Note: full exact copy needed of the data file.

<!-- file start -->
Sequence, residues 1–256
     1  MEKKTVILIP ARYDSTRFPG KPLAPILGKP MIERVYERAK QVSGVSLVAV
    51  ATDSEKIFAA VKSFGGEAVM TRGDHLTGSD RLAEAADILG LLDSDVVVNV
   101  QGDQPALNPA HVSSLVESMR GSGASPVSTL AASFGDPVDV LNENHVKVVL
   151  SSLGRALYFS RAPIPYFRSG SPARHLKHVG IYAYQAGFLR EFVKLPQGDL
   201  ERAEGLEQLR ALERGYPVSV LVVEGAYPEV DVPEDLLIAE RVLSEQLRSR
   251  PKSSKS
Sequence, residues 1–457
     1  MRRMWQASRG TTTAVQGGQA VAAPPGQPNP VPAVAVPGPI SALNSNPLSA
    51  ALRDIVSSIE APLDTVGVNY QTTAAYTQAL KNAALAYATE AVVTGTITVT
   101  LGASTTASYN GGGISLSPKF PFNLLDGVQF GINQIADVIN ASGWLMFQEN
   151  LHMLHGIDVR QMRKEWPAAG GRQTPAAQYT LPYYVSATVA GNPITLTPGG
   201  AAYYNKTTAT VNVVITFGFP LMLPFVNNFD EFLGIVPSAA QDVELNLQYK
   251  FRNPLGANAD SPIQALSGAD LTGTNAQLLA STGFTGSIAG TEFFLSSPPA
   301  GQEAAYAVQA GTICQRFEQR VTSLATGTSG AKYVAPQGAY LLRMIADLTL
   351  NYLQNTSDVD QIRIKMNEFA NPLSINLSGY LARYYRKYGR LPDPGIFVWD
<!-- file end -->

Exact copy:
Sequence, residues 1–256
     1  MEKKTVILIP ARYDSTRFPG KPLAPILGKP MIERVYERAK QVSGVSLVAV
    51  ATDSEKIFAA VKSFGGEAVM TRGDHLTGSD RLAEAADILG LLDSDVVVNV
   101  QGDQPALNPA HVSSLVESMR GSGASPVSTL AASFGDPVDV LNENHVKVVL
   151  SSLGRALYFS RAPIPYFRSG SPARHLKHVG IYAYQAGFLR EFVKLPQGDL
   201  ERAEGLEQLR ALERGYPVSV LVVEGAYPEV DVPEDLLIAE RVLSEQLRSR
   251  PKSSKS
Sequence, residues 1–457
     1  MRRMWQASRG TTTAVQGGQA VAAPPGQPNP VPAVAVPGPI SALNSNPLSA
    51  ALRDIVSSIE APLDTVGVNY QTTAAYTQAL KNAALAYATE AVVTGTITVT
   101  LGASTTASYN GGGISLSPKF PFNLLDGVQF GINQIADVIN ASGWLMFQEN
   151  LHMLHGIDVR QMRKEWPAAG GRQTPAAQYT LPYYVSATVA GNPITLTPGG
   201  AAYYNKTTAT VNVVITFGFP LMLPFVNNFD EFLGIVPSAA QDVELNLQYK
   251  FRNPLGANAD SPIQALSGAD LTGTNAQLLA STGFTGSIAG TEFFLSSPPA
   301  GQEAAYAVQA GTICQRFEQR VTSLATGTSG AKYVAPQGAY LLRMIADLTL
   351  NYLQNTSDVD QIRIKMNEFA NPLSINLSGY LARYYRKYGR LPDPGIFVWD